Western Virginia Campaign.
The Battle of Ball's Bluff.
“All Quiet Along the Potomac.”
The Confederacy and Foreign Diplomacy.
The United States and Foreign Affairs.
The Confederate Navy.
New Naval Technology.
The USS Virginia.
Confederate Naval Troubles.
Raphael Semmes.
The Unites States Navy.
Gideon Welles.
The Union Navy Grows and Expands.
Problems Attracting Union Sailors.
Battle of Hatteras Inlet.
The Battle of Port Royal.
The Trent Affair.

4. Discovering the Scope of War: 1861-62.
Western Military Strategy.
Missouri and Its Neighbors.
War in Kentucky.
Forts Henry and Donelson.
War in the Far West.
Battle of Pea Ridge.
Roles of Native Americans.
Shiloh Campaign.
Confederate Conscription.
Union High Command.
Peninsula Campaign.
New Union Strategy.
Second Bull Run Campaign.
Antietam Campaign.
Kentucky Campaign.
Military Summary for 1862.
Economics of War.
Industry and Railroads.

5. Reckoning with Slavery, Reckoning with Freedom.
Republican Ambivalence Toward Blacks.
Lincoln's Views of Slavery.
Flight to Freedom.
Haphazard Union Policy.
Abolitionist Union Officials.
1862: Union War Aims Deepen.
Congressional Emancipation Measures.
Lincoln and Gradual Emancipation.
The Second Confiscation Act.
The Emancipation Proclamation.
Welcoming the Emancipation Proclamation in the North.
The Effects of the Proclamation.
Black Enlistment.
Effect of Proclamation Abroad.
The Limits of Emancipation.
Black Refugees.
Union Abuses of Freedmen.
Black Protests over Union Abuses.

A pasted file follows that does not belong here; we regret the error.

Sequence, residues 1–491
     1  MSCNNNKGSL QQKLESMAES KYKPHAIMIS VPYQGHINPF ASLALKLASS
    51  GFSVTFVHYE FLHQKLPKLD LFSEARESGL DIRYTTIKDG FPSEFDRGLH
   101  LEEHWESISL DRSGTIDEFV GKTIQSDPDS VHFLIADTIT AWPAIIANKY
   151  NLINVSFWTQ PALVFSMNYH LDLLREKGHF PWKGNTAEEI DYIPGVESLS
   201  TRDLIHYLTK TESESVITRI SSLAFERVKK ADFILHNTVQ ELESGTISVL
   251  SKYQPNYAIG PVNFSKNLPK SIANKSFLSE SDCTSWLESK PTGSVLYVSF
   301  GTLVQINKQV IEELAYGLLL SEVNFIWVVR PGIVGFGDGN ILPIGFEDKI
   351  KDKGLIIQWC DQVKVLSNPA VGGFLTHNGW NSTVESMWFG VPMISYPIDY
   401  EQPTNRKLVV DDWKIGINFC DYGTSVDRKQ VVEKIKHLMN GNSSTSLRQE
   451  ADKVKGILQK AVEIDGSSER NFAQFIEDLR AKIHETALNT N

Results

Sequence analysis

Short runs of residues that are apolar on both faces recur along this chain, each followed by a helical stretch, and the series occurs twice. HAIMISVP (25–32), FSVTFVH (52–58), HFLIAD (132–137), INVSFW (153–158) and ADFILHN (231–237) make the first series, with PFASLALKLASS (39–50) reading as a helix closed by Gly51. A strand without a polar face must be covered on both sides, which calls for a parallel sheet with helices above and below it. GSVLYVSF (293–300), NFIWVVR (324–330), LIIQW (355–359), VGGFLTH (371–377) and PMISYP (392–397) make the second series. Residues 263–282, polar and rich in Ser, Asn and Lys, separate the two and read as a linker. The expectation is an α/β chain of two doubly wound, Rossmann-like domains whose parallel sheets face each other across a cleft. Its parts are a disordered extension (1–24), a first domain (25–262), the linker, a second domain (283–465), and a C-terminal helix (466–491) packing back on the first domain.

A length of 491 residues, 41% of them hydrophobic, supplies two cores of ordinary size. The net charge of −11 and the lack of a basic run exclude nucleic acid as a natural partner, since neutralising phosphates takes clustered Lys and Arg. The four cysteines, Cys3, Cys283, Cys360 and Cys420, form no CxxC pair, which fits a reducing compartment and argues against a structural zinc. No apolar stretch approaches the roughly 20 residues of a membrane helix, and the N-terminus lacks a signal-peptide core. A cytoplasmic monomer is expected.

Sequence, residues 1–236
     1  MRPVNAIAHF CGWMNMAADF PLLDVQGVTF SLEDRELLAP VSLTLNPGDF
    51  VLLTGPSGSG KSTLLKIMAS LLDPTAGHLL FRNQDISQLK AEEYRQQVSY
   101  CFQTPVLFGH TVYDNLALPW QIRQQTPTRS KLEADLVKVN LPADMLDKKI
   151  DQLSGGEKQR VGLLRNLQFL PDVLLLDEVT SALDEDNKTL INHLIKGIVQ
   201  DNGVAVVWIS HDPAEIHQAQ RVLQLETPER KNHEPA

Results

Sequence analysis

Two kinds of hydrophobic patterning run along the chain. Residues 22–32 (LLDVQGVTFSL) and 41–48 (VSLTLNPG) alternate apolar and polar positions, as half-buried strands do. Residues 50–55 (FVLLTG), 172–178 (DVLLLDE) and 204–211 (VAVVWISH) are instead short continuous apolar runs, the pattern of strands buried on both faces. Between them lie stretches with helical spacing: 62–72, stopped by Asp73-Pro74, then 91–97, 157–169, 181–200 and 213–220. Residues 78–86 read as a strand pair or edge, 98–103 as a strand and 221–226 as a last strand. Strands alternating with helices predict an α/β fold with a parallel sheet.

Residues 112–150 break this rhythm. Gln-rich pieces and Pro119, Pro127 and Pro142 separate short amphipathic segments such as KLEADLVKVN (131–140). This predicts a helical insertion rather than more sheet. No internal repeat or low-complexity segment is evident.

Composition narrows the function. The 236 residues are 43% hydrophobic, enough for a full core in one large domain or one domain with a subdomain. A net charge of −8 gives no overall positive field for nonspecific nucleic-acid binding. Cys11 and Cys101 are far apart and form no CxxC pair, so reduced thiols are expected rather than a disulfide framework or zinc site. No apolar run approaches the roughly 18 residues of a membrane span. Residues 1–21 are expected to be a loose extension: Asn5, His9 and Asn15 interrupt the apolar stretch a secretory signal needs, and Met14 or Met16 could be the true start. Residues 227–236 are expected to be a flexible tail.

The Wandering Life of Refugees.
Experiments on Abandoned Lands.
The Carolina Sea Islands Experiment.
Another Experiment: Davis Bend.
Labor Reforms in Louisiana.
Land Redistribution Schemes.
The Freedmen's Bureau.
Disintegration of Slavery in the Union States.
African-Americans in the Union Army.
White Officers and Black Men.
Grudging Acceptance of Black Troops.
Official Union Discrimination.
Sherman's Policies.
Lincoln's Policies.
Blacks in Combat.
Prisoners of War.
Massacre at Fort Pillow.
Re-Enslavement of Captured Black Soldiers.
Prisoner Exchanges Collapse.
Black Triumph After All.
Black Veterans' Claims to Freedom.

6. Attack and Die: November 1862-January 1863.
Ambrose Burnside Takes Command.
Fredericksburg Campaign.
The Battle of Stone's River.
William S. Rosecrans.
War's Destruction.
Soldier Motivation.
Civilians and War.
Southern Homefront.
Soldiers and the Homefront.
Women and War.
Soldier Life.
Soldier Illness and Disease.
Soldiers' Diet.
Confederate Shortages.
Uniforms.
Soldier Equipment.
Weapons.
Tactics.

7. The Other War.
Guerrilla Warfare.
Union and Confederate Responses.
Tougher Union Policies.